Iran accounts for 130-160 tons of the 200 tons of saffron produced worldwide every year and ranks first and far ahead of Spain, Italy, the US, China, Afghanistan, Austria, Switzerland and Argentina where the rest is grown.
Saffron is an expensive spice known as red gold. Despite the price that rivals that of precious metals, growing saffron is very simple and accessible to anyone.
Soil plays the most important part in saffron cultivation. Other than that, it needs little water to grow and can be easily stored for a long time and transported at low cost.
The spice is well adapted to semi-arid climate with strong resistance against cold. The crop is not cultivable in the north and the south of Iran as rainfall and humidity are detrimental to its growth in summer when the crop prepares to bloom in the next season.
Khorasan Razavi Province is best suited for saffron production followed by Fars, Hamedan, Kerman, Yazd and Qom provinces. In fact, in recent years, when many crops suffered the adverse impacts of shrinking water resources in the country, saffron farmers gained the most.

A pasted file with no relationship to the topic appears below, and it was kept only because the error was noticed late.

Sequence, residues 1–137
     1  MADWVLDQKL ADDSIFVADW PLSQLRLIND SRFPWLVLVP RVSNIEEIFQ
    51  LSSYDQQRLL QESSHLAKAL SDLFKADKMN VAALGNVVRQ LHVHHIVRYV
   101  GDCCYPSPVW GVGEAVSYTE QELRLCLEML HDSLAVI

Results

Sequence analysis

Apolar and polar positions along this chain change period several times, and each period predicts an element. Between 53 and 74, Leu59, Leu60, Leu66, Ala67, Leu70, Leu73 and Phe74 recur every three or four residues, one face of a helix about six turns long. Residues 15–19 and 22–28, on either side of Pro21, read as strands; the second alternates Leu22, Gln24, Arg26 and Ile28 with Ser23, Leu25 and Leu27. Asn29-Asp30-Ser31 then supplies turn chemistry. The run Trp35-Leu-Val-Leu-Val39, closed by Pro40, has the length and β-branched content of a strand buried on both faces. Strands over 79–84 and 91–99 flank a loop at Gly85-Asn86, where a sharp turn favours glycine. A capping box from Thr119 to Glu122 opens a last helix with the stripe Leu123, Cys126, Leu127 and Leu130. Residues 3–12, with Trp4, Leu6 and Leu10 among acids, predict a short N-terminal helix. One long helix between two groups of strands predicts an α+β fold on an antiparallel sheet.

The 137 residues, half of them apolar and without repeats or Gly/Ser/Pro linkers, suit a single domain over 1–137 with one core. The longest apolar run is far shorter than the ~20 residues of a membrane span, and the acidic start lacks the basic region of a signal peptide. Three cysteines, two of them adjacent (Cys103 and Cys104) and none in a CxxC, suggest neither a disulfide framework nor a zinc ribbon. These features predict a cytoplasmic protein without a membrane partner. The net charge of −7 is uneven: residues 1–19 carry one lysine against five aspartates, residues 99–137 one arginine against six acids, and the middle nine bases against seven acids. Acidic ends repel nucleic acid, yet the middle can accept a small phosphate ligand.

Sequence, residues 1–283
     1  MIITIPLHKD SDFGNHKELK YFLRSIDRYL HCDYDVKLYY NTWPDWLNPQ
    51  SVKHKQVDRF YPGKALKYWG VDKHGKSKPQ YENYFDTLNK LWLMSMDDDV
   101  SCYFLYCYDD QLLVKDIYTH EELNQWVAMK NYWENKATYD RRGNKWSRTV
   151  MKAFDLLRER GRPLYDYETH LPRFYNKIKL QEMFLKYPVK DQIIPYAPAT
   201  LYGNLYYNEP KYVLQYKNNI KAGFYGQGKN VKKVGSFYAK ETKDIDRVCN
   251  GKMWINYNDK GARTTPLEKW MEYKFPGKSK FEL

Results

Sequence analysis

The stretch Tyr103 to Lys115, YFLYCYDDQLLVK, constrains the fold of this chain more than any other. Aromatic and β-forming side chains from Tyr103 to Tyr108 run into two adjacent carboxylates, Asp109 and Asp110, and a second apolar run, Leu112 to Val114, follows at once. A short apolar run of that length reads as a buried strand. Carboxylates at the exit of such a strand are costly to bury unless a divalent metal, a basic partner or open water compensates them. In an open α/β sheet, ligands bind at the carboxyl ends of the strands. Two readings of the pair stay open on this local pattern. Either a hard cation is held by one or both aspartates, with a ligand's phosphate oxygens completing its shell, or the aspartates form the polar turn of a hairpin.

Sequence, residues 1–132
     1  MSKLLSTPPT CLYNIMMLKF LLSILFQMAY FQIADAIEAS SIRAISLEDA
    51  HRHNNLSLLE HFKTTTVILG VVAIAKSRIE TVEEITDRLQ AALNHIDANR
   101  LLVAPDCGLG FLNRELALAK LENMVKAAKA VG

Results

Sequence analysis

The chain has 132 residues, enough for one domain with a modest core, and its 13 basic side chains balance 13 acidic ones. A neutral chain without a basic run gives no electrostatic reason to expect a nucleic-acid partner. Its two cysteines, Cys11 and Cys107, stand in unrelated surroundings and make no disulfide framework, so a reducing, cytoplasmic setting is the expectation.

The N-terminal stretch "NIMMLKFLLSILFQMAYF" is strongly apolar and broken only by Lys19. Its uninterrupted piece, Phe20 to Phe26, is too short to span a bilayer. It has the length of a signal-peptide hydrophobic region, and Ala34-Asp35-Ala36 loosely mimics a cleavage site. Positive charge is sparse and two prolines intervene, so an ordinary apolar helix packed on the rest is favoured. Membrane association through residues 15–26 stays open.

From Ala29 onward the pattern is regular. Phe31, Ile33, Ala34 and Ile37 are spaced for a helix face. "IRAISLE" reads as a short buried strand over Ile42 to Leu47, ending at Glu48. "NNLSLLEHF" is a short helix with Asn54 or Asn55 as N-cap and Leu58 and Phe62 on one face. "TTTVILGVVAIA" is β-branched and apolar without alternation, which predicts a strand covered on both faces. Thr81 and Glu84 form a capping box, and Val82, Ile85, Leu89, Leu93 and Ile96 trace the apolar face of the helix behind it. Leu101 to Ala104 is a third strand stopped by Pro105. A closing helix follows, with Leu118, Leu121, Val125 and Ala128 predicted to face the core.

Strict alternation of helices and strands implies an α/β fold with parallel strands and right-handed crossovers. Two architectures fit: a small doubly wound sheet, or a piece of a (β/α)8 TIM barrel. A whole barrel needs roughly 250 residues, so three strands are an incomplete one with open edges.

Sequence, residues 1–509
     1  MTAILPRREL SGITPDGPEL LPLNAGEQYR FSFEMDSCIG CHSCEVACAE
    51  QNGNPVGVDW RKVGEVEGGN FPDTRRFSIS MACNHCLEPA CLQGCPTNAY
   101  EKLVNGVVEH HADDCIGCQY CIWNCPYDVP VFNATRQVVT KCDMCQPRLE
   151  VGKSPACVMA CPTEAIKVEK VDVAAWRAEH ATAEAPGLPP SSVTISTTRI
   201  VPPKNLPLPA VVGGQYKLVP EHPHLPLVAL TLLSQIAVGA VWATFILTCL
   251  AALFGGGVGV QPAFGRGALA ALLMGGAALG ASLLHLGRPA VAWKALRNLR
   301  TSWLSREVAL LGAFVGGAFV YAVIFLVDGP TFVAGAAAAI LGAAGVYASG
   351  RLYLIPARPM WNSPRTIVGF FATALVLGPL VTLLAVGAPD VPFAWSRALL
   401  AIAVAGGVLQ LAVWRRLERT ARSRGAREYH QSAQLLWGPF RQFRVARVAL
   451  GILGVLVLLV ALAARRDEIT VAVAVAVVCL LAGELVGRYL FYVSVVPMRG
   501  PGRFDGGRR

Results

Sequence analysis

Despite the eye-catching production figures, profitability in this sector has remained insignificant mainly as a result of low productivity and lack of branding and proper packaging. Regrettably, Iran is not recognized as the largest saffron exporter as other countries, namely Spain and France, reprocess and package the Iranian saffron and reexport it under their own brands.
According to official statistics released by Agriculture Organization of Khorasan Razavi Province, from 1974 to 2002, saffron production in Iran progressively increased. Unofficial data suggest that the trend is still ongoing, which could serve as a strong motivation for investors to engage in the sector.
In 1973, 17 tons of saffron were produced from 2,950 hectares that were under cultivation at the time. In 2002, the cultivated land grew to 45,000 hectares and the production figure rose to 180 tons. On average, around 20 tons of the produced saffron are consumed domestically and the rest is exported overseas.
Although the increase in cultivated land matters, productivity plays a more important role. Some farmers produce 7 kilograms of saffron per hectare while others have managed to harvest 8 kilograms by optimizing energy consumption and human resources.
Therefore, potential investors should enter the field with sufficient knowledge and be equipped with effective tools to boost productivity.